To view every page and read every word of The Kenmare News each week,
subscribe to our ONLINE EDITION!
It’s no secret there has been an out-migration of young people from North Dakota. But if you give young people an opportunity, they’re going to seize it and build a future.
It’s no secret there has been an out-migration of young people from
And that’s what Dr. David Colby did in offering his optometry clinics in Kenmare and Stanley to Dr. Tesha Gustafson, a native of
The change of ownership took place on Wednesday, Jan. 1. What it means is Colby now works for Gustafson, and will continue in that capacity for the foreseeable future.
Contrary to rumors on the street, Colby didn’t retire, but will continue to work. He said he is under a one-year contract and after that, he isn’t sure.
But Colby and Gustafson both had to throw in some optometry humor while discussing the change of ownership on Thursday.
“I can retire now because everybody is 2020,” Colby said.
Gustafson added, “We can all get rid of our glasses now because we’re 2020.”
Jan. 1, 2020 provided them the opportunity to make those remarks.
It’s ironic that both doctors were educated in the same school, the Pacific College of Optometry in
For Colby, it was 1976 to 1980. He went to the school after a three-year stint in the Air Force that brought him to the Minot Air Force Base from his hometown of
He said Pacific is a good school and it has the background to prove that. Otherwise, he would have probably gone to optometry school in
Colby said he wanted to have some kind of medical training but didn’t want to tied down so much that he couldn’t enjoy his favorite pastimes of hunting and fishing.
So on Jan. 1, 1984, Colby took over the Kenmare clinic and has been here since.
Gustafson’s path to the clinic is interesting as well as she went to undergraduate studies at the
Colby’s daughter told him it would really be something if Gustafson came out of college and came to work for her father. Four years later she did and now she owns the practice.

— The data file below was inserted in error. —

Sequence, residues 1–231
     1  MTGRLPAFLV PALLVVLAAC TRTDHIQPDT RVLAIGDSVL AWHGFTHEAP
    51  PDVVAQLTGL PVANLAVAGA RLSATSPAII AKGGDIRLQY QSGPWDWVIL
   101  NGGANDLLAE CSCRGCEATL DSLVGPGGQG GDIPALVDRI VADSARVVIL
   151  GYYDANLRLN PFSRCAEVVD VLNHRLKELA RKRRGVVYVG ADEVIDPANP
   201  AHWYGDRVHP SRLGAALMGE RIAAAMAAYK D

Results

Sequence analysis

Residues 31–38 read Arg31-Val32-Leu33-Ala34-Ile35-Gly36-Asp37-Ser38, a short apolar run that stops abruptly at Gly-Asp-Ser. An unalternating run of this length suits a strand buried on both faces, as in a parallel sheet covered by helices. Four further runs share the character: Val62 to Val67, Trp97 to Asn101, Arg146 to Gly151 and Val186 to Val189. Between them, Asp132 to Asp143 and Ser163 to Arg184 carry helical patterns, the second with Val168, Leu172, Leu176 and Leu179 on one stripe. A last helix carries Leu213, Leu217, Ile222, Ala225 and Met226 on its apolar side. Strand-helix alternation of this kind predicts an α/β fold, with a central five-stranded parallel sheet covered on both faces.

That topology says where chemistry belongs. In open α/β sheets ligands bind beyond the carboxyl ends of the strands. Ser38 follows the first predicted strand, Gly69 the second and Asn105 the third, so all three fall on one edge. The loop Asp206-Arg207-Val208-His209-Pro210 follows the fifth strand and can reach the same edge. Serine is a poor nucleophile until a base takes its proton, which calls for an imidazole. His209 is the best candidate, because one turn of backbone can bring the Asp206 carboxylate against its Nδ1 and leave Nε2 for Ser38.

Gustafson too, wanted to do some kind of medical work and got a job at an optometry clinic while in college which built up her interest about the human eye.
“I wanted to do medical,” she said. “I shadowed a dentist giving a child a root canal and decided that was not my path. Then I got a job at the clinic.”
She added she and her husband are both from rural
“It worked out perfectly,” Gustafson said. “I wanted to come back, but I didn’t expect Kenmare or Stanley.”
Colby said his original goal was to retire at age 55 and now he is nearly 64, so he wasn’t too far off the mark.
“And thanks to Dr. Gustafson, I can back up a little and have more free time,” he said. “My goal from the beginning was to get somebody local.”
According to Colby, both he and his wife Pam are very pleased to see Gustafson in the Kenmare and Stanley clinics.
“I got to work with her for three years,” he said. “And she’s better than I am.”
Colby said the transition has been in the works about a year, but it was discussed prior to that.
“Yes, I was a little nervous about it,” Gustafson said. “We had talked about it when I first came on.”
And for the patients, everything is going to remain the same. Gustafson isn’t going to make any changes, except that some newer examining technology is coming.
“So on the patient front, there won’t be any changes,” she said.
In reality, the staff isn’t changing, just a couple of words on the deed, according to Colby. Otherwise, it’s business as usual.
Either doctor will see each other’s patients if and when the need arises. In fact, Colby talked about an extended vacation and when he came back, he found out Gustafson had treated his patients as well or better than he could have.
And when she first took her position, Colby said he had no intention of leaving it to Gustafson to find her own patients, like some other doctors might do.
He said that gave the young optometrist a chance to set her plans in motion and build a base of patients.
Gustafson doesn’t have any long-term plans, other than keeping the technology up to date. She said her husband has a business in
Colby said the business of optometry is customer service, not retail. They might sell a pair of glasses here and there, but serving the patients and correcting their vision is paramount.
Both doctors are in the
“I sort of have the option,” Colby said. “I’m not really retired, but I have more time. I’m under a one-year contract so I plan to be around a while.” ... Read EVERY WORD on EVERY PAGE of The Kenmare News by subscribing--online or in print!